A Family of Firefighters
July 1, 2013 1 Comment
As many of you know, I was personally devastated by the deaths of the 19 wildland firefighters in Arizona. Joe Woyjeck is a good friend of mine who is a captain on the L.A. County Fire Department and vice president of the L.A. County Fire Museum. His son Kevin, who was just 21, was killed Sunday as a member of the Granite Mountain Hotshots. Kevin very much wanted to follow in his dad’s footsteps.
Here is my piece from Tuesday’s Wall Street Journal, about the Woyjecks and how they are symbolic of firefighting families across the country.
A Family of Firefighters
By Mark Yost
The Wall Street Journal
July 2, 2013
Firefighting creates a kind of informal family, the way cops and soldiers bond in jobs that are more than a job and any given day could be your last. Firefighting is also often a family affair in a literal sense. Go into most any firehouse, and you’re likely to find two or three firefighters with the same last name. They’re brothers, cousins, uncles and, increasingly, sisters, aunts and daughters. And you’ll find fathers and sons.
Kevin Woyjeck’s dream was to join his father, Joe, on the Los Angeles County Fire Department. Joe Woyjeck is the captain of Station 23 in Bellflower, one of the county’s busiest engine companies. Until Sunday, Kevin was a 21-year-old part-time emergency medical technician in L.A. He was also a member of the elite Granite Mountain Hotshots wildland crew based in Prescott, Ariz.
Sunday was Kevin’s last day as a firefighter. He and 18 of his fellow crew members were killed while battling a wildfire in Yavapai County, about 85 miles northwest of Phoenix. A calamitous wind shift caused the worst U.S. wildland firefighting loss of life in 80 years.
“As a fire captain I looked forward to the day I got to pin a Los Angeles County Firefighter badge on him,” Joe said Monday in an email, too inconsolable to talk on the phone. “Now I have to bury him.”
The Woyjecks’ story is not uncommon in the fire service. Joe Woyjeck grew up in Seal Beach, Calif., and always knew he wanted to be a Los Angeles County firefighter. Like a lot of kids in the 1970s, he watched “Emergency!,” the Jack Webb-produced television show that introduced viewers to L.A. County firefighters and chronicled the early days of paramedicine. In one of those ironic twists of fate, the Woyjecks, through Joe’s work as the vice president and driving force behind the Los Angeles County Fire Museum, became good friends with one of the stars of the TV show, Randolph Mantooth.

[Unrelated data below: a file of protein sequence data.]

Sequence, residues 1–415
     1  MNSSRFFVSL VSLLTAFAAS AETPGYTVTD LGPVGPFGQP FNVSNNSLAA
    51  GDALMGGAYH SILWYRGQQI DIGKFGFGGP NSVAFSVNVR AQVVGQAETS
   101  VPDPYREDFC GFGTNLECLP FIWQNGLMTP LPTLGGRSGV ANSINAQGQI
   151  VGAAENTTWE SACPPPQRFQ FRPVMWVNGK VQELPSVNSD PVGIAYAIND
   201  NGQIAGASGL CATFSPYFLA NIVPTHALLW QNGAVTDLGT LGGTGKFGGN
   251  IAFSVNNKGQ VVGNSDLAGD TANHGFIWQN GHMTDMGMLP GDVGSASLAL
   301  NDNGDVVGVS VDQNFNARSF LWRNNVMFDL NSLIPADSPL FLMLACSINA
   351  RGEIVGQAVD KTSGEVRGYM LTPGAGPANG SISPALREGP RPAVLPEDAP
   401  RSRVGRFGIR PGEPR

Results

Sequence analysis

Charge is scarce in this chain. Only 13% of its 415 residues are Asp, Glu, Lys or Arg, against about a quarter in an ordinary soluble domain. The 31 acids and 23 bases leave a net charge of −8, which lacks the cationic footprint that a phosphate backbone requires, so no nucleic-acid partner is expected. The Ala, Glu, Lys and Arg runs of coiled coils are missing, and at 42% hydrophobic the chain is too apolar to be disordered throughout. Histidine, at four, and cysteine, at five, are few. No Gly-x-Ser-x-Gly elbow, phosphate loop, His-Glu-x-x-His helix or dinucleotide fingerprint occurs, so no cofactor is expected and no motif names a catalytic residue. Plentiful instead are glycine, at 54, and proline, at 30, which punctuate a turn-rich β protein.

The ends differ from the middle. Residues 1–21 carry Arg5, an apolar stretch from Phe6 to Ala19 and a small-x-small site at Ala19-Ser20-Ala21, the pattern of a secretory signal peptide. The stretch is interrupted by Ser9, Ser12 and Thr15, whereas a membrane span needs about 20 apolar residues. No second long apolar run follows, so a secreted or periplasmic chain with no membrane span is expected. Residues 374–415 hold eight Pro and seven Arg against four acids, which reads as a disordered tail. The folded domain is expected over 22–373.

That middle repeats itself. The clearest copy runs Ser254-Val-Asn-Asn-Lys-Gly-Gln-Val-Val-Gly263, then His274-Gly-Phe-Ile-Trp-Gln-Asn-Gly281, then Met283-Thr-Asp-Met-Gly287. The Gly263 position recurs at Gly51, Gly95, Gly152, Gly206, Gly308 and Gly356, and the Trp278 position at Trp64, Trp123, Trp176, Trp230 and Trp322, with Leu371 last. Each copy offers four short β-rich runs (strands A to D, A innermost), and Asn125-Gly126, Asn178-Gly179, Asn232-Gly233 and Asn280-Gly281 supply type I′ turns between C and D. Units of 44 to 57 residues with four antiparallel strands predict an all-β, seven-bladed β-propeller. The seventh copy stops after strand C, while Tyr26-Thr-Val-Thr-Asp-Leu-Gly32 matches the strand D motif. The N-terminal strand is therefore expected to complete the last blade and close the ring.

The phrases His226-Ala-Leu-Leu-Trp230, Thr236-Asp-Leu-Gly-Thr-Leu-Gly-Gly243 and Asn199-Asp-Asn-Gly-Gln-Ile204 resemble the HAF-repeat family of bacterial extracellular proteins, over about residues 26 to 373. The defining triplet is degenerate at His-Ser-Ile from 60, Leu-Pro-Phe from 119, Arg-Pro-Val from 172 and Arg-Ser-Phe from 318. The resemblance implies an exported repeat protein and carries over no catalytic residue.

Kevin had known the actor since childhood, but even without that bit of glamor Kevin almost certainly would have pursued the job: He wanted to follow in his father’s footsteps.
While he was still in high school, Kevin earned his EMT certification and began working on a private ambulance in L.A. County. Young firefighters often toil at these low-paying jobs for years while they take entrance exams or pay for training to try to improve their chances of joining a full-time department. It’s hard to find a firefighter or EMT who got into it for the money.
Over the past few years, Kevin took fire-science classes at Santa Ana College, got his Wildland Firefighting certification and worked on the Bear Mountain wildland crew in South Dakota for a season. But he eventually came back to California to pursue his dream of joining L.A. County. His father helped him pay his tuition to the El Camino College Fire Academy so Kevin would have his basic firefighting certification and maybe get a job on a part-time department while he waited to test for L.A. County.
Kevin Woyjeck joined the Granite Mountain Hotshots crew three months ago, on April 1. He loved wildland firefighting, one of the most dangerous and lowest-paying jobs in the fire service. And he loved the people he worked with.
“He was a kid who always had a smile on his face, and sleeping in the dirt was no big deal,” his father said.
It is unfathomable that on the day Kevin Woyjeck died, 18 other families received similar heartbreaking news. But the threat of disaster striking is the job’s constant shadow. Even during the Woyjeck family’s darkest moments in the days to come, I doubt that they have any regrets about the career that Kevin chose. Rather, I’m sure that Joe takes some solace in the fact that, in the end, Kevin was doing something he loved—just like his dad.
Mr. Yost, a former firefighter/paramedic in Highwood, Ill., is a volunteer at the West I-10 Volunteer Fire Department in Katy, Texas.